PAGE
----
Azzah did, but it didn’t mean she understood. Politics were above her. All she knew was how to fit into the position Reem had led her to. She knew how to be a spearwoman and that was all.

Gio promptly did the stupidest thing and underestimated her.

Tatsu had been waiting a total of a very long time when the other applicants joined her. They all moved about the room, keeping their distance. They looked like soldiers, every single one of them, in one way or another. Not unapproachable, just getting read.

Tatsu scooted over to the closest one with a smile. “Looking forward to today?”

The man eyed her. “More or less.”

“The name’s Tatsu. I heard about the opening yesterday. They told me I should apply, that I’d fit right in. Everyone here for this? I thought there was only one opening!”

“Gio.” Gio rubbed his beard. “Yes and yes. It’s not often one can get promoted into a different branch like this. All our COs recommended us. I don’t believed I’ve seen you before.”

“No. Why do you think I introduced myself?” Tatsu smiled before looking away from him and at the others there. “I wasn’t expecting so many!”

“Are you worried?”

Tatsu frowned, then shook her head. “Not at all. I just wasn’t prepared to leave so many people disappointed.” What she meant couldn’t be misconstrued, not with the tone she used. Gio finally gave her a full once over. She was maybe a little more than half his height and he was about average.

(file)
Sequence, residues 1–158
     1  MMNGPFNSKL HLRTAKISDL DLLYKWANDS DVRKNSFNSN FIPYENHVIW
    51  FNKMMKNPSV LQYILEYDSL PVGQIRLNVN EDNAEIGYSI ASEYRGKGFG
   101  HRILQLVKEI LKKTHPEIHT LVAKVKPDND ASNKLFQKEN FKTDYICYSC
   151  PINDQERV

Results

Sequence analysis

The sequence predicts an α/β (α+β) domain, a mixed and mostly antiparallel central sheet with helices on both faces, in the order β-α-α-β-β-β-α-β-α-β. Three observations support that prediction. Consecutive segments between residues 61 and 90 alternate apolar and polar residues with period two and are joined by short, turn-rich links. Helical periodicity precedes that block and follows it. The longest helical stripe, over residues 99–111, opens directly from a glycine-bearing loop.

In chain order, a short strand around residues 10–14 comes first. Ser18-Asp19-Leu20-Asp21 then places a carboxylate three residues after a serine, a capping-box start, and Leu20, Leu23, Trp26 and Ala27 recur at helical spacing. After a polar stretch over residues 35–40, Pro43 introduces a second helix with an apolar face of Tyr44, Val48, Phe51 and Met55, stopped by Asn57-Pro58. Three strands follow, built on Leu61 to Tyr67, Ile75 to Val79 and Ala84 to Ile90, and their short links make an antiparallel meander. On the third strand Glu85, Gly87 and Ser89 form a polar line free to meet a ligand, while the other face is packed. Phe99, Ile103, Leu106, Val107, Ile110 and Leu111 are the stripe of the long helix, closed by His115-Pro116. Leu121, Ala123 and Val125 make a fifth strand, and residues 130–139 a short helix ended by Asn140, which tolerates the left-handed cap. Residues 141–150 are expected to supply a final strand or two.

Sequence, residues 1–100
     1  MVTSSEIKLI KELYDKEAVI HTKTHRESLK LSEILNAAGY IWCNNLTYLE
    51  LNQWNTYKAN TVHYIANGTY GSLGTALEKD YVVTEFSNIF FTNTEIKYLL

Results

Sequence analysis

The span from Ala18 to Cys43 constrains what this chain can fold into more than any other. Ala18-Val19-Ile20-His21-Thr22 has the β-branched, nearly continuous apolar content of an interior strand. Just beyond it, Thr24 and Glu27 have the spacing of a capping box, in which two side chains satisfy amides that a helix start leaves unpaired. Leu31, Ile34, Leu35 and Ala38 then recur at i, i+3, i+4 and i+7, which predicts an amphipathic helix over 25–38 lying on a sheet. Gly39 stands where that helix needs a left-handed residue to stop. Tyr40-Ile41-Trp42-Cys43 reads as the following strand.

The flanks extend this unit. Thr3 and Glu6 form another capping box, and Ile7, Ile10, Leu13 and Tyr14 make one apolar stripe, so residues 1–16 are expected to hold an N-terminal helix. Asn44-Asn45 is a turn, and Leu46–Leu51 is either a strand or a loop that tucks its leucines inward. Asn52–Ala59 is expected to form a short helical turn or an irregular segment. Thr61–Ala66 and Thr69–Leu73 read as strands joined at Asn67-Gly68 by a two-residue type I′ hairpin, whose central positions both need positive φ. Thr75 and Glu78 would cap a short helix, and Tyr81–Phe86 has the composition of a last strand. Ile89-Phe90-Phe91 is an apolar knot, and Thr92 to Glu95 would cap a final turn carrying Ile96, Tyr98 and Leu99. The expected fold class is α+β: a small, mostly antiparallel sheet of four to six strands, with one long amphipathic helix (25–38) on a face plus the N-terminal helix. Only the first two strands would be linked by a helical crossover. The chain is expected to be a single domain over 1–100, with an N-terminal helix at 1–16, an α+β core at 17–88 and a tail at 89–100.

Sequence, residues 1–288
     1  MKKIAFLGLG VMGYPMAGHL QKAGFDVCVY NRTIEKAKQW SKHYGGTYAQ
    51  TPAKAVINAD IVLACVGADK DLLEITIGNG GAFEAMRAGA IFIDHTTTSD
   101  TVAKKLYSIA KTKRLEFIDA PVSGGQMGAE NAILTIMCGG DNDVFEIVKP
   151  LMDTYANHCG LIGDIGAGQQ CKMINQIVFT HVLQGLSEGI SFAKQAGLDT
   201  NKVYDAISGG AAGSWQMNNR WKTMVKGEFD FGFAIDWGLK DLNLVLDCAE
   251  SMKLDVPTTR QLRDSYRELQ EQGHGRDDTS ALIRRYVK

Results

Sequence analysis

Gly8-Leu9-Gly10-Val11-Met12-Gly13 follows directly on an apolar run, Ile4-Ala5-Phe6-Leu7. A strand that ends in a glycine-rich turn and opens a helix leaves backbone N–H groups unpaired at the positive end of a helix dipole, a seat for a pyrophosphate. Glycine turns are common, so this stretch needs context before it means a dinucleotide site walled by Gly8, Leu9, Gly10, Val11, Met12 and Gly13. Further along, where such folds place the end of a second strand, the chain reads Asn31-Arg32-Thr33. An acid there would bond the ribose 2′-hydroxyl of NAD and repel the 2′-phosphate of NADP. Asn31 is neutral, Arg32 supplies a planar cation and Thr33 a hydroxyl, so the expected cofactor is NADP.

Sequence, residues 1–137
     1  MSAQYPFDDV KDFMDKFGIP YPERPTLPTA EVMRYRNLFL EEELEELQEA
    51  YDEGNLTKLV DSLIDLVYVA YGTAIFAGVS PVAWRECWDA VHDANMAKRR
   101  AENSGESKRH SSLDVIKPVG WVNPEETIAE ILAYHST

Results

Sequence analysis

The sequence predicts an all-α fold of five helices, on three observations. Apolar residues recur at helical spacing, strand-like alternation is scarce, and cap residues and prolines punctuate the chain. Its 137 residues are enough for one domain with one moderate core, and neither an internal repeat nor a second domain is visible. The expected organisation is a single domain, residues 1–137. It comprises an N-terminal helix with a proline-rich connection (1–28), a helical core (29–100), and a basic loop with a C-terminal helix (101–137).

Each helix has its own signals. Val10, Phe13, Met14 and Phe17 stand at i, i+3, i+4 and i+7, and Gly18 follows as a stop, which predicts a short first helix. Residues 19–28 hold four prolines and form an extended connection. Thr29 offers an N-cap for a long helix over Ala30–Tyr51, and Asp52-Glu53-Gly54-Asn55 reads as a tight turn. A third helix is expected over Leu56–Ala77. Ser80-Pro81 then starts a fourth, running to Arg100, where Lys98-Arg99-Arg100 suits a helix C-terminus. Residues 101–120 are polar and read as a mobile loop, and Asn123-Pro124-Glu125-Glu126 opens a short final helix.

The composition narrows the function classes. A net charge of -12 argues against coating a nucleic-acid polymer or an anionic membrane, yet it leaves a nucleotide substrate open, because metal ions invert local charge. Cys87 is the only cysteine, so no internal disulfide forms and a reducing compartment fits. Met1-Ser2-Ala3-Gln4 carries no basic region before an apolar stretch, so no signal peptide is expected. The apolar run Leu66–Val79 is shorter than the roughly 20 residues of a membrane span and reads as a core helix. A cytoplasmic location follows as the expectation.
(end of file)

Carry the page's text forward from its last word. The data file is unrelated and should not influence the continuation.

Gio promptly did the stupidest thing and underestimated her.

gives back

My father once told me that the sea always gives back what it takes.

I didn’t believe him when it took my brother. The skies turned black and the winds blew vicious, even on land. I could only imagine what it was like on sea. We would never know, for no one that day returned.

The dark days of storms became my fears, but it was the sea a blamed the most. If it hadn’t been there, it would have been a simple storm. What could happen on land that one couldn’t weather? What could happen on land that we couldn’t stand against?

Why did my brother want to go out to sea?

My father continued to believe that the sea would give him back, but I knew better. I glared out at the sea and knew so much better.

Meanwhile, Mercedes ignored the message

“Reality has been scheduled for regular maintenance…”

That was not what James wanted to hear today. How come every time he went out without Mercedes something had to go wrong?

“…and so is temporarily down.”

“I knew it.” He sighed, shifting his bag over his shoulder. Things looked normal around him, but he knew better than to take that for granted. The elephant who had been watching him over the fence had stopped eating the chocolate leaves for goodness sakes. He never thought he would see that happen. She was still staring at him though, Mercedes thought he was being paranoid.

“Please stand by patiently and it should be back up soon.”

James didn’t move his feet. He really didn’t like having to stand in one place for very long, he hoped this would resolve itself soon.

“Thank you.”

And for some time, James waited for reality to come back.

Because it was supposed to be here by now!

She repeatedly closed her eyes and opened them again, hoping the last time had been a dream. Hoping this time she would see something different.

“Howdy, neighbour.”

She glanced away to see her neighbour’s fifteen year old son, Gabe, can of some flavoured soda in hand. “Good evening.”

“So, uh, I can’t help but notice you’ve been staring at your mailbox for about an hour.”